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Proposed Rule

Finding of Substantial Inadequacy of Implementation Plan; Call for Missouri State Implementation Plan Revision

Document Details

Information about this document as published in the Federal Register.

Published Document

This document has been published in the Federal Register. Use the PDF linked in the document sidebar for the official electronic format.

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AGENCY:

Environmental Protection Agency (EPA).

ACTION:

Proposed rule.

SUMMARY:

Pursuant to our authority in the Clean Air Act to call for plan revisions, EPA is proposing to find that the Missouri State Implementation Plan for lead is substantially inadequate to attain or maintain the National Ambient Air Quality Standard for lead in the portion of Jefferson County within the city limits of Herculaneum, Missouri. The specific State Implementation Plan deficiencies, which form the basis for this proposed finding, are described below. If EPA finalizes this proposed finding of substantial inadequacy, Missouri will be required to revise its State Implementation Plan to correct these deficiencies by a date which will be specified in the final rule. If the state fails to submit a revised State Implementation Plan by the deadline, it will be subject to sanctions under the provisions of the Clean Air Act.

DATES:

Comments must be received on or before January 18, 2006.

ADDRESSES:

Submit your comments, identified by Docket ID No. EPA-R07-OAR-2005-MO-0007, by one of the following methods:

1. www.regulations.gov: Follow the on-line instructions for submitting comments.

2. E-mail: algoe-eakin.amy@epa.gov.

3. Mail: Amy Algoe-Eakin, Environmental Protection Agency, Air Planning and Development Branch, 901 North 5th Street, Kansas City, Kansas 66101.

4. Hand Delivery or Courier. Deliver your comments to: Amy Algoe-Eakin, Environmental Protection Agency, Air Planning and Development Branch, 901 North 5th Street, Kansas City, Kansas 66101.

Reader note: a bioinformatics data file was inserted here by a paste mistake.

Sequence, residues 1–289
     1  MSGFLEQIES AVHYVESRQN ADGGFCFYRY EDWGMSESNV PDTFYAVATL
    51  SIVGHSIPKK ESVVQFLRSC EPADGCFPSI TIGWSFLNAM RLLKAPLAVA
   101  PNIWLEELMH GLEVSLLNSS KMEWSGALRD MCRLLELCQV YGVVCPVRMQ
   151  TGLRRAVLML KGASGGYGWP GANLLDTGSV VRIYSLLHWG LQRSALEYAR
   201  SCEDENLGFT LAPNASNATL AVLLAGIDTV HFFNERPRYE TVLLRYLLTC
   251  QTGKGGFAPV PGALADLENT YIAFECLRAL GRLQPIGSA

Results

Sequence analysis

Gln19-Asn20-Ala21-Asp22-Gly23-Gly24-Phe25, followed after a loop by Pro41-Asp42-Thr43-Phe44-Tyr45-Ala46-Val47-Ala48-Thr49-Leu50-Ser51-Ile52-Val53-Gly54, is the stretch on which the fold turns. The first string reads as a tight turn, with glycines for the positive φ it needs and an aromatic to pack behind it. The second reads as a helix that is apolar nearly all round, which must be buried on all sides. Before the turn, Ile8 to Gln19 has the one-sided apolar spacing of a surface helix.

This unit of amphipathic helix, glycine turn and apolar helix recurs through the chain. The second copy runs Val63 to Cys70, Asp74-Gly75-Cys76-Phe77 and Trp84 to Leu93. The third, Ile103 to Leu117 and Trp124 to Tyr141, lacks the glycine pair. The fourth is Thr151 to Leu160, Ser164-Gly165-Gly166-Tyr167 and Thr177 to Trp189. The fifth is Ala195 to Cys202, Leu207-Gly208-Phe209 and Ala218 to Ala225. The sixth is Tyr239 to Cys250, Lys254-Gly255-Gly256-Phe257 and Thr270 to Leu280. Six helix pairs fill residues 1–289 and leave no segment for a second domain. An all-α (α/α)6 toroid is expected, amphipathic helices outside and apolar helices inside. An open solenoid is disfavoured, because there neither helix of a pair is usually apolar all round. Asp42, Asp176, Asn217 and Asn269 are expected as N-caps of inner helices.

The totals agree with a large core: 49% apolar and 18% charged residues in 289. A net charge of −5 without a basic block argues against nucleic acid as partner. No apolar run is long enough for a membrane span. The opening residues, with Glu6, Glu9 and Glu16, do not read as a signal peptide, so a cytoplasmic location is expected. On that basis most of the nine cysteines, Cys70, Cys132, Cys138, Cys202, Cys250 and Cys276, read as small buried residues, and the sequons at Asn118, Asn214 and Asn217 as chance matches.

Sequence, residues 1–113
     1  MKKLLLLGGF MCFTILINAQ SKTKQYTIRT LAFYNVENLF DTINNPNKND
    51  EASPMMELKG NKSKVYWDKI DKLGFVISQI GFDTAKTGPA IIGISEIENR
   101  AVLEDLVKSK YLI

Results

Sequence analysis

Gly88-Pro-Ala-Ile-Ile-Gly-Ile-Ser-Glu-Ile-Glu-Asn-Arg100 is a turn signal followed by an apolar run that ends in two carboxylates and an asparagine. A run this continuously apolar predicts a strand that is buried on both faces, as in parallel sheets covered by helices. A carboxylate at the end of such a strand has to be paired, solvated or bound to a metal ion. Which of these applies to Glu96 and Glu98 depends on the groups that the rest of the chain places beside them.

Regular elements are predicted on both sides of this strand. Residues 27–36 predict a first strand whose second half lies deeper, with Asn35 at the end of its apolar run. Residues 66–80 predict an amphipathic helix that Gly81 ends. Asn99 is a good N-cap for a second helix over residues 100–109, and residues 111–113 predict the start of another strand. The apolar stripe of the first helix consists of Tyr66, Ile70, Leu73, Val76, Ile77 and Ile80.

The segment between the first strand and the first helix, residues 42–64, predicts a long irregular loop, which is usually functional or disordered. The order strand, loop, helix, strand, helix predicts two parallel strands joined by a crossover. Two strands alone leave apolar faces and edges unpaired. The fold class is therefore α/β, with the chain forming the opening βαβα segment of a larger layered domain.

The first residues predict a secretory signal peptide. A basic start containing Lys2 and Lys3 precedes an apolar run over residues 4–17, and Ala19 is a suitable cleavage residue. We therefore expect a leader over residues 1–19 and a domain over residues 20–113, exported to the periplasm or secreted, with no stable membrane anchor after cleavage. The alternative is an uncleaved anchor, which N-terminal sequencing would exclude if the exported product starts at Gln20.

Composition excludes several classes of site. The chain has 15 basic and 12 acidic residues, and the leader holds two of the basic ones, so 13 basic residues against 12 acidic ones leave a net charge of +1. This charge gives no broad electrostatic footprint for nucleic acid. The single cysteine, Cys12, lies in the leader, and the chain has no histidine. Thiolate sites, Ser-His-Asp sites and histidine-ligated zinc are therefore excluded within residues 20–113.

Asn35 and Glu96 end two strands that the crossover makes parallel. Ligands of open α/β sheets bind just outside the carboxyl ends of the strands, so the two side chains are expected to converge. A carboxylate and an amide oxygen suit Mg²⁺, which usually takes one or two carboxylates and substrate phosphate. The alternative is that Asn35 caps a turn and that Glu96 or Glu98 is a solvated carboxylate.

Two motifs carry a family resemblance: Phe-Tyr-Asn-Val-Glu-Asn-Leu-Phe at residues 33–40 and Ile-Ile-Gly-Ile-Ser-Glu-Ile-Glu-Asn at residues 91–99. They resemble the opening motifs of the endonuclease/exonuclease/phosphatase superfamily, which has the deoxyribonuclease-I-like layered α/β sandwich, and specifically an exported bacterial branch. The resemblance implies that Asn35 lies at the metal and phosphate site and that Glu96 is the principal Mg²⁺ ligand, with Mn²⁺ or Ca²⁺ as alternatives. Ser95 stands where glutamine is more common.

Instructions: Direct your comments to Docket ID No. EPA-R07-OAR-2005-MO-0007. EPA's policy is that all comments received will be included in the public docket without change and may be made available online at www.regulations.gov, including any personal information provided, unless the comment includes information claimed to be Confidential Business Information (CBI) or other information whose disclosure is restricted by statute. Do not submit information that you consider to be CBI or otherwise protected through www.regulations.gov or e-mail. The www.regulations.gov Web site is an “anonymous access” system, which means EPA will not know your identity or contact information unless you provide it in the body of your comment. If you send an e-mail comment directly to EPA without going through www.regulations.gov, your e-mail address will be automatically captured and included as part of the comment that is placed in the public docket and made available on the Internet. If you submit an electronic comment, EPA recommends that you include your name and other contact information in the body of your comment and with any disk or CD-ROM you submit. If EPA cannot read your comment due to technical difficulties and cannot contact you for clarification, EPA may not be able to consider your comment. Electronic files should avoid the use of special characters, any form of encryption, and be free of any defects or viruses.